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Aldermen Call for More Public Input on Fire and Police Commission Nominees

Is the current system obsolete?

Jan. 29, 2013
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Although its mission is to grant Milwaukee residents oversight of the fire and police departments, the Fire and Police Commission (FPC) is coming under fire for its lack of public input—specifically, its limited public vetting of nominees to the commission.

Last Thursday, four of five members of the Milwaukee Common Council’s Public Safety Committee voted to support Milwaukee Mayor Tom Barrett’s nominee to FPC, Ann Wilson. The full Common Council is scheduled to vote on Wilson’s nomination on Feb. 5.

Although public testimony was overwhelmingly in her favor, Wilson’s nomination wasn’t without controversy. Two committee members—Ald. Robert Bauman and Ald. Jim Bohl—voted to hold her nomination pending more public outreach.

Both aldermen—as well as Ald. Milele Coggs, who is not on the committee but gave testimony during the hearing—argued for a more open, transparent nomination process that would set a precedent for future FPC appointments, which are imminent.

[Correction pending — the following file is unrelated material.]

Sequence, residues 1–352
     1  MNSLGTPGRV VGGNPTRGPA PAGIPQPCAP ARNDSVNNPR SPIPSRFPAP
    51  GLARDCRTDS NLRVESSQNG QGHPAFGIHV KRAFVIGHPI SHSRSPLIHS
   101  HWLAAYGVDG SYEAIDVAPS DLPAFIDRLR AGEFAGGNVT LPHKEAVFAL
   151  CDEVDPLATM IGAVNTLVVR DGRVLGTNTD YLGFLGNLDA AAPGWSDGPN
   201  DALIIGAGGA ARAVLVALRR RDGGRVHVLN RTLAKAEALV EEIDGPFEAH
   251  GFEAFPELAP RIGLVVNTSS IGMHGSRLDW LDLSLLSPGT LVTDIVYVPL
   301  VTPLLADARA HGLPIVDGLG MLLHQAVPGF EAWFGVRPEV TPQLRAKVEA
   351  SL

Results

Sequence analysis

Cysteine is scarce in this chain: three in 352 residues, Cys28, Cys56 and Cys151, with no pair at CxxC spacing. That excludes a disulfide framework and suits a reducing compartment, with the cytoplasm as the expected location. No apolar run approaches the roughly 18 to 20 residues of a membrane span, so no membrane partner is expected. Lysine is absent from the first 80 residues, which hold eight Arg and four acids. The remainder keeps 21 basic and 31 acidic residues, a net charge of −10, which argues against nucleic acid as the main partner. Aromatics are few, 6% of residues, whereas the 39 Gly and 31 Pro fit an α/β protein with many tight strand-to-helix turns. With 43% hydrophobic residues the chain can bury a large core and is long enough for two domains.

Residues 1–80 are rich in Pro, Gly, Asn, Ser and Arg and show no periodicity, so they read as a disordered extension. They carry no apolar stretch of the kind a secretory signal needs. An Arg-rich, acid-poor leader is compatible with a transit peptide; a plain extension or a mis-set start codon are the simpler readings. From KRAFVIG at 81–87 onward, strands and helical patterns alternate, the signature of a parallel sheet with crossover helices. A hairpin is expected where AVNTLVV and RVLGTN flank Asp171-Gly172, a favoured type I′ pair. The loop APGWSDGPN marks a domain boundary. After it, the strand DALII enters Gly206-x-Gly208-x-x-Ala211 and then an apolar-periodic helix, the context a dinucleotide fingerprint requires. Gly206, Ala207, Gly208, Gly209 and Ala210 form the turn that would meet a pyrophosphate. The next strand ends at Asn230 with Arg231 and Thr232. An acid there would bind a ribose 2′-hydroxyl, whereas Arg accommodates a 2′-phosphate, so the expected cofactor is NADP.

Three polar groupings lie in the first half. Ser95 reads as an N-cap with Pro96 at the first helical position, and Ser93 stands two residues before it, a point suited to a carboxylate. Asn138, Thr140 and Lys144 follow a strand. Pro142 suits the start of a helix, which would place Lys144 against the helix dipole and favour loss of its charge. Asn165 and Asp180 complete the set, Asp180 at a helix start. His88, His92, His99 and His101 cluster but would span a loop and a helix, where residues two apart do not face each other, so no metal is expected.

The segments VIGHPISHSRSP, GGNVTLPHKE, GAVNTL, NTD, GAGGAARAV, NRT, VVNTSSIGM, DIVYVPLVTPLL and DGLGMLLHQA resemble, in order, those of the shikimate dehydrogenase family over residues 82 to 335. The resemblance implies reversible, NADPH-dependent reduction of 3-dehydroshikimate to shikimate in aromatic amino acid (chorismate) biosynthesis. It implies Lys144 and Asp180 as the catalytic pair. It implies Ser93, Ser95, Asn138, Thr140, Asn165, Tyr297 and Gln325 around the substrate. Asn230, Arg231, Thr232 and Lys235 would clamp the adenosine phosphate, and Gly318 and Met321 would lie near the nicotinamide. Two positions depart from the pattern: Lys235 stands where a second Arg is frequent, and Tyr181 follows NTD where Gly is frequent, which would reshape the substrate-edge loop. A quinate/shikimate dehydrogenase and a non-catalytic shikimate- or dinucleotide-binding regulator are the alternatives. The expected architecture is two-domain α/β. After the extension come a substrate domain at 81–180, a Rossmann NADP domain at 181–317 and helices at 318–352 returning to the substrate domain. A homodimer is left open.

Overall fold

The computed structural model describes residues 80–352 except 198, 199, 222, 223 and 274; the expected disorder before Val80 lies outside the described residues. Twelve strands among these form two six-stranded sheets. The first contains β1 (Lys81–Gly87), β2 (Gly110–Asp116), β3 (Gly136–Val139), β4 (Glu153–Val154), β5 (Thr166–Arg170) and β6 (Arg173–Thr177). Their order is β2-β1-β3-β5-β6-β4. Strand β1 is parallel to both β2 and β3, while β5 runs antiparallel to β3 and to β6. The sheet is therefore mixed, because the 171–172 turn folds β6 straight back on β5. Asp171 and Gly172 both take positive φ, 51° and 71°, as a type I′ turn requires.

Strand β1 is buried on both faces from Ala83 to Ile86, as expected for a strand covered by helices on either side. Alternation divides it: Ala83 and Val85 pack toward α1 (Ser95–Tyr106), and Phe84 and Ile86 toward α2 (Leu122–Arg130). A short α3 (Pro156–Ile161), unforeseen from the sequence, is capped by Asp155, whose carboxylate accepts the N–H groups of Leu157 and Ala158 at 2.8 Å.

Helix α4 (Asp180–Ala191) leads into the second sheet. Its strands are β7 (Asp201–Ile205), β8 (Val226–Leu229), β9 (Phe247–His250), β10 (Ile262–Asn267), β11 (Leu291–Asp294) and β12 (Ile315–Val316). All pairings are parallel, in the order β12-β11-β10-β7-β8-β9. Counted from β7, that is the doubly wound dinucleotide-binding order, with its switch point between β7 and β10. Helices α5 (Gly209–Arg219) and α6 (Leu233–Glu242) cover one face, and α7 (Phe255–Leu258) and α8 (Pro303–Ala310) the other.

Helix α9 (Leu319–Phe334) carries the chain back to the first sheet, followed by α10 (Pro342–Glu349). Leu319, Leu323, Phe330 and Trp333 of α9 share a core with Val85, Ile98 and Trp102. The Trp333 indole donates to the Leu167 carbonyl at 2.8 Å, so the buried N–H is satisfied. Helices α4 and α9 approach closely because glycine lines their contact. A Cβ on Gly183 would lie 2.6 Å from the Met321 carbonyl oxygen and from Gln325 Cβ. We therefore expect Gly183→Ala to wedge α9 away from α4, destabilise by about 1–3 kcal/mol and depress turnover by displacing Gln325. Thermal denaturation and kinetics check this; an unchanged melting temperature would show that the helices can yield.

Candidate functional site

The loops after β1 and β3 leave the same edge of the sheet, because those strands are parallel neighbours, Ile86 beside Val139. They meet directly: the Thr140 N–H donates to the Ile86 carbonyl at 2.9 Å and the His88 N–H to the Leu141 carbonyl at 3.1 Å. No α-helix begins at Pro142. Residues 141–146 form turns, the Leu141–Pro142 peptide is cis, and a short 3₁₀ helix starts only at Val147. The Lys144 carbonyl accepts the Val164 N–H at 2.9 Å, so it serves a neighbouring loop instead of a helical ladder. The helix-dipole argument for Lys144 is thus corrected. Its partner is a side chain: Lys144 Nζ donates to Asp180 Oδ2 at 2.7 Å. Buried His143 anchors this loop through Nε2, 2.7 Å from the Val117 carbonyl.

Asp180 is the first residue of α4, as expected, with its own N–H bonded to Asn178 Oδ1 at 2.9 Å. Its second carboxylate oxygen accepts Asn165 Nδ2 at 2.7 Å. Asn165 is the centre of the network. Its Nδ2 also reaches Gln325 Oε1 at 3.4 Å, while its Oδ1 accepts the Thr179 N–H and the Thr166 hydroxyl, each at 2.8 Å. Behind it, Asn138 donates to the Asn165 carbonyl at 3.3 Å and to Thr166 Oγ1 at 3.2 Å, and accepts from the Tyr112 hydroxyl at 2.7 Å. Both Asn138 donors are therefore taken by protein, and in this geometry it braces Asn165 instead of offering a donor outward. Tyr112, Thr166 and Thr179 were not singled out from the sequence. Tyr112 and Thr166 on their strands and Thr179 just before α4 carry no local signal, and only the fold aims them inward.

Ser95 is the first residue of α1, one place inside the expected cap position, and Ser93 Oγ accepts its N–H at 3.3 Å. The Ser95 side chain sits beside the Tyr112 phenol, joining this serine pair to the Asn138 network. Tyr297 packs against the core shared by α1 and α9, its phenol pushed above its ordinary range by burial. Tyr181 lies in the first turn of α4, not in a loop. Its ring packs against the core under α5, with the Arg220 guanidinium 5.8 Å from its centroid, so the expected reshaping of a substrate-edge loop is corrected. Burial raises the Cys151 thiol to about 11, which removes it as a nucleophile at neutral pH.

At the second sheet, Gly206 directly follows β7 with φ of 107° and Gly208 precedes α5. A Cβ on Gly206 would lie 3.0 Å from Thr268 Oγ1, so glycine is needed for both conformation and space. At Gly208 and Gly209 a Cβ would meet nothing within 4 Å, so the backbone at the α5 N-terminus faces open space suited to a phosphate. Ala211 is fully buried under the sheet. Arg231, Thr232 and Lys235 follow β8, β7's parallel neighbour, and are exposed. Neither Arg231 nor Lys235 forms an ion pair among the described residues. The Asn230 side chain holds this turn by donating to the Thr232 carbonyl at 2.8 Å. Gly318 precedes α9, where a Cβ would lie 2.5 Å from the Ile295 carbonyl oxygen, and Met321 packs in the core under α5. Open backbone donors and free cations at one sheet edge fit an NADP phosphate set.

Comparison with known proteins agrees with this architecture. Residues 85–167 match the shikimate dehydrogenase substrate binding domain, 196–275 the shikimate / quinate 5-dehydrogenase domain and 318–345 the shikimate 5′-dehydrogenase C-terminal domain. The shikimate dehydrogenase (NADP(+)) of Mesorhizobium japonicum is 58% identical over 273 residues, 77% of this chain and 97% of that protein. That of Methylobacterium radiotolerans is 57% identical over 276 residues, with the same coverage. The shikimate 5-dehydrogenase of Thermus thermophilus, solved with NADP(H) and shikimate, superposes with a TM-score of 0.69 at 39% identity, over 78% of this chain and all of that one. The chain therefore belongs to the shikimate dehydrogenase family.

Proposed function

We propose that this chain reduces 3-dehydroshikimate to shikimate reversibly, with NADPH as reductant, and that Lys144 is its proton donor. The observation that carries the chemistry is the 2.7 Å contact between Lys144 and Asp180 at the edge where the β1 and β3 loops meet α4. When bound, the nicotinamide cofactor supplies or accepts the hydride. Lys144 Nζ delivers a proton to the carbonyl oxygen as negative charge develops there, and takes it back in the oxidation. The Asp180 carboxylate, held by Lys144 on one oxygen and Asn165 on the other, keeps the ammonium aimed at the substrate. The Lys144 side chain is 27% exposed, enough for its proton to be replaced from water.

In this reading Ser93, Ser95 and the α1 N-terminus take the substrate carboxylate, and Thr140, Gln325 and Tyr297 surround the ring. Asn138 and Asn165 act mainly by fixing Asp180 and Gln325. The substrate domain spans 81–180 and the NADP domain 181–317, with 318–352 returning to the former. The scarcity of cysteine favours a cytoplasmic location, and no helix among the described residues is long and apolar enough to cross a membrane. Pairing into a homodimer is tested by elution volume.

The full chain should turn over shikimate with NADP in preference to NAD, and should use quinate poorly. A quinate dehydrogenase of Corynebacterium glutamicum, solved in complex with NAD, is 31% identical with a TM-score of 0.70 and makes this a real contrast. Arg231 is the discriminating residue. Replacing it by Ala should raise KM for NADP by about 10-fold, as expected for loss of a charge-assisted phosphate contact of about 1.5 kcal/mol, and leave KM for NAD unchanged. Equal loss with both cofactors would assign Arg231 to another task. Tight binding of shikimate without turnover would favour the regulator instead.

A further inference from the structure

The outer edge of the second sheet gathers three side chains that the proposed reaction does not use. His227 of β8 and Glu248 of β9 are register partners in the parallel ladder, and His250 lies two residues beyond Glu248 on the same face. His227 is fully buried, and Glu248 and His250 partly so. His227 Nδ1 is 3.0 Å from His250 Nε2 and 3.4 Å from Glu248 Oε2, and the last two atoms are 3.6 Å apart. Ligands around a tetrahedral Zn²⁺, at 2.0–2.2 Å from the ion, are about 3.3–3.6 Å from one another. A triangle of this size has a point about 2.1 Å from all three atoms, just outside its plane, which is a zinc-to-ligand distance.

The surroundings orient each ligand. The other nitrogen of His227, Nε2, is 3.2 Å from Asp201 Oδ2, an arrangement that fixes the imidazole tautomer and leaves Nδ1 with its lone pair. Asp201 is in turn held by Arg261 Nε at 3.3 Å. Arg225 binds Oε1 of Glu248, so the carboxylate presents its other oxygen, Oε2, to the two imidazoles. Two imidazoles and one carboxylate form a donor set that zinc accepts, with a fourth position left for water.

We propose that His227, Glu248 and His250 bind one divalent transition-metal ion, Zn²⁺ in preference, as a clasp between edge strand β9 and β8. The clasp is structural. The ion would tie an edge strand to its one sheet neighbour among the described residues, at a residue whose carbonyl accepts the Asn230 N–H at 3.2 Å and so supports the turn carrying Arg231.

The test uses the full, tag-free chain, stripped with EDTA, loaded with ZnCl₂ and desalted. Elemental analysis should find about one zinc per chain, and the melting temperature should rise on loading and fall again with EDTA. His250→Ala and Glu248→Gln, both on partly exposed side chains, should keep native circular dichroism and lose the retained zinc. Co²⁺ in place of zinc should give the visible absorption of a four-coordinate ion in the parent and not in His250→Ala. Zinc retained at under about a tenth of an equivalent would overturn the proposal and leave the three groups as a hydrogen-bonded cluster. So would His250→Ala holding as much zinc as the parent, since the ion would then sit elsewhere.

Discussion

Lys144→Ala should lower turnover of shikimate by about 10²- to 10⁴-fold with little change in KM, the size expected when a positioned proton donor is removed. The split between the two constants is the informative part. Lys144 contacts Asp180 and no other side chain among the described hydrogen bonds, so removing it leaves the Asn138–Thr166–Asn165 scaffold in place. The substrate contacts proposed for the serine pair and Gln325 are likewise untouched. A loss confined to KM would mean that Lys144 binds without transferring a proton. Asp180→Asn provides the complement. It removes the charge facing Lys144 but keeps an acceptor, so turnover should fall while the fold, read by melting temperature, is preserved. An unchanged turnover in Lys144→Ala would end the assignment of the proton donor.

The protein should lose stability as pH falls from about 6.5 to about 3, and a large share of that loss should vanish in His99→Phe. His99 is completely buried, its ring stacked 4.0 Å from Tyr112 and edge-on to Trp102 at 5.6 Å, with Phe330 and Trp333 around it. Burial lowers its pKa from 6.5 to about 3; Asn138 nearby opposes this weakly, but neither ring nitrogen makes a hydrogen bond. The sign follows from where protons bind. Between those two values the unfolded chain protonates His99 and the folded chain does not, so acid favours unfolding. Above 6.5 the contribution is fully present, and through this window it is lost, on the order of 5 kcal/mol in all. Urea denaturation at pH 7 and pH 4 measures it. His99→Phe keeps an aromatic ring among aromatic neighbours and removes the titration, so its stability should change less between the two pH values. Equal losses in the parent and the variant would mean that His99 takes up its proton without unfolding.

Currently, the FPC is made up of seven members, although Barrett can extend that to nine members. Two spots are vacant and three members’ terms expire in July. In addition to Wilson’s appointment, Barrett can nominate between four and six members in the next six months.

Coggs, backed by Bauman and Bohl, argued for a more inclusive process that involves more community members, especially young people.

“We should be looking and thinking outside the box for those ways of inclusion and that shouldn’t all fall on the council,” Coggs said at the committee meeting. “That should also be the Fire and Police Commission’s and the mayor’s responsibility. That’s the cry that I hear from the community.”

Coggs argued that the nomination process should be open and transparent before the confirmation stage.

“If you are not known to the mayor or a friend of the mayor or a friend of a friend, how are you ever going to get the opportunity to serve?”


The Most Public Vetting Ever

Although the FPC’s nomination process was criticized last week, Wilson’s nomination received a more public vetting than has happened in the past.

According to state statutes, the mayor appoints FPC candidates and the Common Council has the power to confirm. Other than the committee meeting, there’s no required forum for the public to weigh in on nominees.

In Wilson’s case, the mayor and council members took additional steps to include the public. According to a letter from Barrett, Wilson met with a group of local pastors and members of the Urban League, who support her nomination, prior to last week’s hearing.

Anyone can suggest a candidate for the FPC. Wilson, a manager for the Milwaukee Housing Authority’s Hillside Family Resource Center and a Milwaukee Area Technical College (MATC) board member, submitted her name directly to Barrett.

Ald. Terry Witkowski, chair of the Public Safety Committee, moved the confirmation meeting to the full Common Council chambers and allowed public testimony, a first. Previously, only aldermen testified and questioned the nominee.